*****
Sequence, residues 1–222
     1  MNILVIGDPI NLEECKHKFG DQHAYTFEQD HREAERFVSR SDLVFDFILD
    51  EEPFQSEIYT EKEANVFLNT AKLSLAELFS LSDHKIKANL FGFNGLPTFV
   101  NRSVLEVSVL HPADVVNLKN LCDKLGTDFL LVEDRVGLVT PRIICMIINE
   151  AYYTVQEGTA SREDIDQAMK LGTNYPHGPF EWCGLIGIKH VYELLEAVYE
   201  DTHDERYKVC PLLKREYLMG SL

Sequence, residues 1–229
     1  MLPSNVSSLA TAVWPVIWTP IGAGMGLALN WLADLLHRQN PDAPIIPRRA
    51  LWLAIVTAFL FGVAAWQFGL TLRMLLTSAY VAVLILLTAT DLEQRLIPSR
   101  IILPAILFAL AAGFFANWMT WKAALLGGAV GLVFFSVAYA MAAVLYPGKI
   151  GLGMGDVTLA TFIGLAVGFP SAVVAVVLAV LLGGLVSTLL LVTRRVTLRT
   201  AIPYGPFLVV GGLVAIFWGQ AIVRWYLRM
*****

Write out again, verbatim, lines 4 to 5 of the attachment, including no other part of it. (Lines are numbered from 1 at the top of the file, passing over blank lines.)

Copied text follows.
   101  NRSVLEVSVL HPADVVNLKN LCDKLGTDFL LVEDRVGLVT PRIICMIINE
   151  AYYTVQEGTA SREDIDQAMK LGTNYPHGPF EWCGLIGIKH VYELLEAVYE